João Penalva

PRT (1949). Lives and works in the London.

2007 Light Beam Video installation, no sound, 4’

It is not unusual for João Penalva to produce work that becomes unrecognizable, precisely because it makes us think that there is not much to know and that not much is
happening. Sometimes this is almost true. For instance, in earlier works he has presented a video triptych for our contemplation of waves in a lake or, in a single-channel video, an almost impenetrable mist. Sometimes misunderstanding becomes part of understanding, and the work becomes discursive without really having to say much. Is this an actual light beam? Is it what we might see if “the image” were somehow absent from the projection? But a light beam is, in itself, an image—in this case, of how light travels through a confined space when it bursts into it through a small opening. And when Penalva projects an image of this image there is no way he can prevent it from becoming a meta-image.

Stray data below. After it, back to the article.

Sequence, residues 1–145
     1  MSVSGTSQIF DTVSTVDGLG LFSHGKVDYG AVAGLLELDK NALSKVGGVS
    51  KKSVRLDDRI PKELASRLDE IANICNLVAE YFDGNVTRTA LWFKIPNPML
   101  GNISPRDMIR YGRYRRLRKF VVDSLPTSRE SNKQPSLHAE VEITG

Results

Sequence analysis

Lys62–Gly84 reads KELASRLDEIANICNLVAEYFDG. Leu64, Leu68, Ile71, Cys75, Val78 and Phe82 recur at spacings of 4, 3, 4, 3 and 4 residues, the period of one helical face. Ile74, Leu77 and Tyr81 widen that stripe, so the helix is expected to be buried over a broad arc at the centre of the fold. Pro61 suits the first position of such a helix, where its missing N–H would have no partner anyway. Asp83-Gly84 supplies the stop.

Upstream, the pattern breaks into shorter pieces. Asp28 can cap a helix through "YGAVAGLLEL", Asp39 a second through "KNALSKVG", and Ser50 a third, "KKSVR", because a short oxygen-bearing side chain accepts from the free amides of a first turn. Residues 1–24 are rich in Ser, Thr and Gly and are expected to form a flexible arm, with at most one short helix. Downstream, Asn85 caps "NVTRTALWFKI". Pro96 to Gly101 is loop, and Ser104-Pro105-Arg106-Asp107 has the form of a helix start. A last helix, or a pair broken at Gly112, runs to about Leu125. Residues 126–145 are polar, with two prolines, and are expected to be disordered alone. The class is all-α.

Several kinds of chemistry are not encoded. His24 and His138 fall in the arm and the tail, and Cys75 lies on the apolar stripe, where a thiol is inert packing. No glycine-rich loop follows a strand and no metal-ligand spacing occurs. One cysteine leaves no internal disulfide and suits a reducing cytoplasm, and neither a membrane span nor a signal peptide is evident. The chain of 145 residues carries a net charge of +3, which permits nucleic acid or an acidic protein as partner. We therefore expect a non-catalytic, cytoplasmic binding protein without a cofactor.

Light Beam shows us all the temporarily agitated and suspended small particles that a light beam makes visible—and luxuriously resplendent, although that may be
beside the point—but it also casts light on what conditions our vision: the confined space, the darkness, and that other thing, the nondarkness that we see as unconfined,
that makes us both aware and selfaware. Did you notice that I avoid mentioning Plato’s cave? I see no real reason to, and besides, how can I speak of the light beam as a shadow image of itself? asks Anders Kreuger, the author of this text.